TV3 are advertising a new documentary called The Smoking Gun that will screen on Wednesday 26 June at 8.30pm.  This documentary comes about a month before the judicial review into the Minister of Justice's very public rejection of Justice Binnie's report for David Bain in relation to his compensation bid.  There is no indication as to what this smoking gun is but the programme is being presented by Melanie Reid who has a history of creating media events that are supportive of David Bain's case.

News of the Defamation case in the Herald as a result of media release sent out yesterday.

Also ODT

The defamation case will be heard in the High Court in Auckland on 14 October 2013.

The media release is here



The defamation trial of Joe Karam vs Parker and Purkiss is to be held at the High Court in Auckland starting on 14 October 2013 and going for three weeks.   The trial is to be held before a judge only.  Joe Karam is represented by Michael Reed and both Parker and Purkiss will be representing themselves.

The legal action taken by Karam against the two Justice for Robin Bain (JFRB) group members consists of four actions:

The Bain defence team and the Minister of Justice are at loggerheads over where to hold the judical conference scheduled for July this year.  Michael Reed, acting for David Bain has requested Auckland, while Kristy McDonald, acting for the Minister, has requested Wellington. Michael Reed works for an Auckland based law firm.  Judith Collins is MP for Clevedon which is in South Auckland.

It has just been revealed that the cost of the review of Justice Binnie's report made by Robert Fisher was more than $200,000 including the costs of a barrister and a law clerk, who is in a relationship with Mr Fisher.  There is a bit of controversy over the payment of $100 an hour to Kate Tomlie, the law clerk, who has a degree in commerce, and Michael Reed questions the judgment of Fisher employing someone he is in a relationship with.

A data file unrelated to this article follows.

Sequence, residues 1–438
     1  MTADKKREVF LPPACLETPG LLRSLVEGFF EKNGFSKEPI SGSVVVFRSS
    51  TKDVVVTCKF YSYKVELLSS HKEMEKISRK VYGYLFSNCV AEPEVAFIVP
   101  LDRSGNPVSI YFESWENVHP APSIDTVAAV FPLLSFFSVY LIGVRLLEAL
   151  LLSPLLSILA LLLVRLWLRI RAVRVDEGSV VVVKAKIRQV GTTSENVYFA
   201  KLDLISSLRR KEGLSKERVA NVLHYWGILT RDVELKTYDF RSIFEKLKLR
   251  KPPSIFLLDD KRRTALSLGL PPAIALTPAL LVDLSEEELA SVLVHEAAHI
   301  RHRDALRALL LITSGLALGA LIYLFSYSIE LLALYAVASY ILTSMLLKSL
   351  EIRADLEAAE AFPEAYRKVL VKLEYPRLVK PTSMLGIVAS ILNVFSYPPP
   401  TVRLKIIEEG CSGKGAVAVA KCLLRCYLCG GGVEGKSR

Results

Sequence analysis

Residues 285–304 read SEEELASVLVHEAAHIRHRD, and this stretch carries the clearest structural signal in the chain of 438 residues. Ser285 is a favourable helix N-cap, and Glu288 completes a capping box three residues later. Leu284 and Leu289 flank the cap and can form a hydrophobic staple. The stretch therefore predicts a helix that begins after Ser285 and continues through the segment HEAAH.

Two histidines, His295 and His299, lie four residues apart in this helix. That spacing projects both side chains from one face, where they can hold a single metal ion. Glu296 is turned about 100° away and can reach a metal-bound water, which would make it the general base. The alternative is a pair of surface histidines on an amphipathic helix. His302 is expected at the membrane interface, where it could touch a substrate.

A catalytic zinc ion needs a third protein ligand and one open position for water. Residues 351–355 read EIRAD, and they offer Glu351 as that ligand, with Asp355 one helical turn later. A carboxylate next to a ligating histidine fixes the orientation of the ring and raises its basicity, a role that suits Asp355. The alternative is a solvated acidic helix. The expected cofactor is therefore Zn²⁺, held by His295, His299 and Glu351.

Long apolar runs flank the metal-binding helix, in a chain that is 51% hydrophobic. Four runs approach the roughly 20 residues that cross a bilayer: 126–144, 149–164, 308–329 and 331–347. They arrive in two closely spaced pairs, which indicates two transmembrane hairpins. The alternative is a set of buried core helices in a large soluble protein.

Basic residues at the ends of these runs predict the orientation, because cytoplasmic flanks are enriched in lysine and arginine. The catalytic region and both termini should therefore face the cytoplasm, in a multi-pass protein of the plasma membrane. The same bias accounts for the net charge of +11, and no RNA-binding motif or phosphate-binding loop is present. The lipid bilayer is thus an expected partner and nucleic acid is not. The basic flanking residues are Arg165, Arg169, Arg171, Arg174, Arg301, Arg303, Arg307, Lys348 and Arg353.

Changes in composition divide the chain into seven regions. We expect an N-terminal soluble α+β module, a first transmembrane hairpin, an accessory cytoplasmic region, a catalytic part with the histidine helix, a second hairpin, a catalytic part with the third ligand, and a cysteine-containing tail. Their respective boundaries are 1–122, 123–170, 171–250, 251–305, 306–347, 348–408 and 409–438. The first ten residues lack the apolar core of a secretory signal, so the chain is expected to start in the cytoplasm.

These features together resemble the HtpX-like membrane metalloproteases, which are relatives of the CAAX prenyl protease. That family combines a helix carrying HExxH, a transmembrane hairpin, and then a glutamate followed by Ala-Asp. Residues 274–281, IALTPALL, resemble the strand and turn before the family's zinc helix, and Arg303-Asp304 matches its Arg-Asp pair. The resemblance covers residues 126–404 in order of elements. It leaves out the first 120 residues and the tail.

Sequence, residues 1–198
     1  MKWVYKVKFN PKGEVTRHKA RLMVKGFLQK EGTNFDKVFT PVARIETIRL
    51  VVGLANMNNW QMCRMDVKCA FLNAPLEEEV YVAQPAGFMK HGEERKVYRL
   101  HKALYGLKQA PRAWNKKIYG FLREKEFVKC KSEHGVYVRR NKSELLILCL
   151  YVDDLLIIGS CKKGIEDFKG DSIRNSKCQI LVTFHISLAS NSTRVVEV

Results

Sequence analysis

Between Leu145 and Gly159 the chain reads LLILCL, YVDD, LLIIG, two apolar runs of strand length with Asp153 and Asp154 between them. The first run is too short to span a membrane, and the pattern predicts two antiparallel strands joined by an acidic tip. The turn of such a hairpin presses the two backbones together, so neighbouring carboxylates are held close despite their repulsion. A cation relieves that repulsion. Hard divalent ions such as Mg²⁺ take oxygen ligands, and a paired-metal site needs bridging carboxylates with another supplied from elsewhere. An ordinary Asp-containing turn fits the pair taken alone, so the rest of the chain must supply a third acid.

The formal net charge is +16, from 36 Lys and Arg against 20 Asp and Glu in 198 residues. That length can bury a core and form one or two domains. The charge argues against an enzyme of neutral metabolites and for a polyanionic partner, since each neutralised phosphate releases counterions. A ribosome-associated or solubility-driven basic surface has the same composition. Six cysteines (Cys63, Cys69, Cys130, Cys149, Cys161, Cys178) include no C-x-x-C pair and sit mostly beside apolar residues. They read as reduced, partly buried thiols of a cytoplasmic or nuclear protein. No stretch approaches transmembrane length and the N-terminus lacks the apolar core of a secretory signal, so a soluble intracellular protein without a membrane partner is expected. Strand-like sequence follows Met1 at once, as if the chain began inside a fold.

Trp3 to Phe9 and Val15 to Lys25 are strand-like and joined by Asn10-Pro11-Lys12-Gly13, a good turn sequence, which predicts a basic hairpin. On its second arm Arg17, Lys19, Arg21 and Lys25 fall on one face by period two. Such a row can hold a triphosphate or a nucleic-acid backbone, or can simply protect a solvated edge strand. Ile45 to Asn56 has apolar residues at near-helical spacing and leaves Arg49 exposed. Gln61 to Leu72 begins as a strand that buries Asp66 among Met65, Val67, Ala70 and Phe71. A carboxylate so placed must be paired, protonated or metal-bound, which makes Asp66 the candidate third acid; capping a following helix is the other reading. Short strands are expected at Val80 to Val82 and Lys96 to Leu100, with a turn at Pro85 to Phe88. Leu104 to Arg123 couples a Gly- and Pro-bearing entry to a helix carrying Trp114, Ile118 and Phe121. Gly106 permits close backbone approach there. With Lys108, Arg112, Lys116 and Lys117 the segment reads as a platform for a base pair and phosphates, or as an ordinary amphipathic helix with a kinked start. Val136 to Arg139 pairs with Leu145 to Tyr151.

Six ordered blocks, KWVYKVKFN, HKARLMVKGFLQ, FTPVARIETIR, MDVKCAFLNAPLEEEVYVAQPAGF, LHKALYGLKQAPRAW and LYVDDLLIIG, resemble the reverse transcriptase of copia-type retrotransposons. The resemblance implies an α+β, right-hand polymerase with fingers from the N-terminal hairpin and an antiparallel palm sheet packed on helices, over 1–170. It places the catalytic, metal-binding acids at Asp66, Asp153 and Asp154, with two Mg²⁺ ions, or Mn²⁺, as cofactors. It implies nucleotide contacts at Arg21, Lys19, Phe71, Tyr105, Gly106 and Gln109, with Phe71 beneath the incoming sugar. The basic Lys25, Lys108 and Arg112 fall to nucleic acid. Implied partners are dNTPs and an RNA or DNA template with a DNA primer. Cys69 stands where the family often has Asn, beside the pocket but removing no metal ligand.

David Bain's case against Justice Minister Judith Collin's handling of his bid for compensation will be back in court in July. Meanwhile, the compensation bid process will be on hold making it very unlikely that it will be resolved this year.

In a recent poll done by a Fairfax Media-Ipsos the sample tested returned a result of 40% believing that David Bain was wrongly imprisoned.  60% think he should be given compensation, which indicates that a large chunk of 20% of the population who maybe don't have an opinion on whether or not he was wrongly imprisoned still think he should be compensated.  The government regulation is clear that a person can only be compesated if they are found to be innocent on the balance of

Cabinet has agreed to a formal request from David Bain to delay its consideration of his application for compensation for claimed wrongful conviction and imprisonment, says Justice Minister Judith Collins.

“Mr Bain is not entitled to any compensation as his application falls outside Cabinet guidelines. The process for considering Mr Bain’s application and any decision regarding compensation is entirely at Cabinet’s discretion.

According to the Otago Daily Times, Joe Karam claims that the Bain defence team is working pro bono.  Karam estimates, that they have done $400,000 worth of work since the compensation claim was lodged in 2010.  Karam does not say whether or not it includes his time as well, although in this audio, he indicates that he is working for nothing as well.